Divorce, Single Parenting, Dating, Sex, & Self-Recovery

DATING METAPHOR: Two Tails Are Wagging or Neither Tail Is Wagging

OFF-bostons

From across a 100 foot divide I can tell if a woman is attractive to me. What? What am I looking at, at that distance? Like a dog, from behind, I can only be keying off her overall ratio (hip-waist), the cut and color of her hair, and what she’s wearing. How can those simple details be enough to get a rise out of me?

And when given more time, and more angles, but with about the same amount of information, how can I work myself up into a lather about a woman who I know nothing about?

And when the cutest woman in the world is sitting across from me, and has already asked it I wanted to kiss her (Here and Now) what is it that begins the turning away? A wag is just an initial blush of arousal. But without it, the arousal may never come. I do believe my metaphor about two dogs meeting in a park is quite accurate in assessing the “wag.”

The Dog Dating Metaphor

Two dogs meet in the park
a. either both tails are wagging
b. only one tail is wagging
c. neither tail is wagging

That’s it. It’s that simple. The quicker we can admit the wag or non-wag the quicker we can get to the next step. Relating. But without the WAG there’s no need to take the next step, unless you are looking for a running buddy rather than a mate.

Taking the dog metaphor one step further, I believe we are born a certain type of dog. (I think I’m a Boston Terrier.) That’s how we look, how we behave, and it defines a lot about how attractive we are to other dogs. If you’re a poodle and you’re into Boston’s, we’re in business. If you think Boston’s are ugly, or simply don’t get your tail wagging, there’s not much else either of us can do about it. I’m a Boston: tenacious  a bit on the muscular side, and very positive and boisterous.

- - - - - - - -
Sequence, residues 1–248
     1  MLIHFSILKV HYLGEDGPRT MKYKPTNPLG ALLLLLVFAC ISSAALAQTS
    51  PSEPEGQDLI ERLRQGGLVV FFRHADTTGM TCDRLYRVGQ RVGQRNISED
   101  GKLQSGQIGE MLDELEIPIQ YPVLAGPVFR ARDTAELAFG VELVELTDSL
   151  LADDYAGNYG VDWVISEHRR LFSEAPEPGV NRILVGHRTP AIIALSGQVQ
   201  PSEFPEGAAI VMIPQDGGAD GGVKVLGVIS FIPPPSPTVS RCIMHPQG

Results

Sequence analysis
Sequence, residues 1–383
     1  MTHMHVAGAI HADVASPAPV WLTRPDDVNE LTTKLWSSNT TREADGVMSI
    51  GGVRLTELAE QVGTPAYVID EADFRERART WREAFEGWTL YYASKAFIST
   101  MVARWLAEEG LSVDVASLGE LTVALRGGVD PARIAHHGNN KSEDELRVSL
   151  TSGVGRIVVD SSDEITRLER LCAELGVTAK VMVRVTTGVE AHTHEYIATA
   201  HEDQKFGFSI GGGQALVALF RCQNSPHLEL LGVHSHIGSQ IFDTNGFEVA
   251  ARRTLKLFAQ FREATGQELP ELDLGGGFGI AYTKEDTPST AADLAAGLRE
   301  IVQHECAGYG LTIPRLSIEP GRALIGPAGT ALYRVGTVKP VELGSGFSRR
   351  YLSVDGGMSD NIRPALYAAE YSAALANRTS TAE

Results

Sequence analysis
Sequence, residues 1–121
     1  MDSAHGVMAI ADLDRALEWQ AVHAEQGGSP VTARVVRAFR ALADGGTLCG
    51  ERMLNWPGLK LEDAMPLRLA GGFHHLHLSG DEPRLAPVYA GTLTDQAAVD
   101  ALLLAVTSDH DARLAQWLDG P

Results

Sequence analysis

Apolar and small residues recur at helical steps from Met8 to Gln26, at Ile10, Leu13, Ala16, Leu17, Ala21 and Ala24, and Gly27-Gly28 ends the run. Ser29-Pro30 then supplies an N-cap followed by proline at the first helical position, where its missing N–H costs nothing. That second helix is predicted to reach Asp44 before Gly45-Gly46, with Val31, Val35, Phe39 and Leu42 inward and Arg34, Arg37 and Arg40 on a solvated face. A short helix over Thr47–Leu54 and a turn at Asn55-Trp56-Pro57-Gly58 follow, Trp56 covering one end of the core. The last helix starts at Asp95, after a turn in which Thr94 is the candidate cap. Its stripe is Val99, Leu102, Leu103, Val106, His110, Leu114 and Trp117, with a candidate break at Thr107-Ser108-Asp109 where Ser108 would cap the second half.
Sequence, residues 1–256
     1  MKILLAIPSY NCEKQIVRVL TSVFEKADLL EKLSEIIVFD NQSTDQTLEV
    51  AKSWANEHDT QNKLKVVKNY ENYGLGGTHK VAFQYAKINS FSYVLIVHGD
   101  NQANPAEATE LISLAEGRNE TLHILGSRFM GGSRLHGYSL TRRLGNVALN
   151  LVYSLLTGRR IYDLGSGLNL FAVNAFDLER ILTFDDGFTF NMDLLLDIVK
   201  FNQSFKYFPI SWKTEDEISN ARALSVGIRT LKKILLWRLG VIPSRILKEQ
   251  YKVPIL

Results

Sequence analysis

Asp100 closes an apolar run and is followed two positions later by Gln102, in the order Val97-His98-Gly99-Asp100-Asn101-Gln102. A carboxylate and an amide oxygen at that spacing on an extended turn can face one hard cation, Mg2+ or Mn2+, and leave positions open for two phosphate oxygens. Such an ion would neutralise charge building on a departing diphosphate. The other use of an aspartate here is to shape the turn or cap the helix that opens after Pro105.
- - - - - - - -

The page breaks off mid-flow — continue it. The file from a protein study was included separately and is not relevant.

So, seeing the woman with dark hair from 50 paces is very much like spotting one of my preferred breeds across an open field.

And when I get her to the table, even is she’s my type, and she’s interested, there’s got to be the next part: relating. Does she make my brain sizzle? Is our conversation equally balanced? Does she have more going on in her life than work and the gym? Is there a place to slot me in for some activities?

With the smiling woman, cute as a button, and run-obsessed, is there anything else? Is she working on anything extra? Does she have ambitions beyond having fun when she’s not running or working?

I wonder if I’m only going to be interested with artistic women. As a writer, I need someone else who shares a passion for creative expression. Another person who can appreciate the whim of the creative process that can hear, “I’m really hitting stride on this project, can we skip tonight?” and not freak out. If the person doesn’t have that burning desire, what does this mean to them. Does it mean I’m not that interested in her? Does it mean that she is not a priority in my life?

But more than that, what is SHE brining into the relationship? What passions and creative ideas can she bring into the relationship?

If there’s nothing there. The wag simply becomes a wag. “Wow, a very attractive woman.” Just like the woman at the top of the page. (Happily married, I’m sure < I project.) She is a woman with potential. She’s a breed and fit I like.

We are a lot more like animals than we think. By being closer to my animal instincts and listening to the my internal Boston Terrier’s heart and compass, I am steering myself towards a partner with both WAG and SWAG.

Sincerely,

The Off Parent

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image: boston terrier, jennifer, creative commons usage

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One Response

  1. Greg

    This is a pretty brilliant analogy! And I’ve also learned that if both tails aren’t wagging with almost exactly the same amount of enthusiasm, it won’t last long. Any inequity in feelings seems to only grow over time.

    October 2, 2015 at 7:07 am

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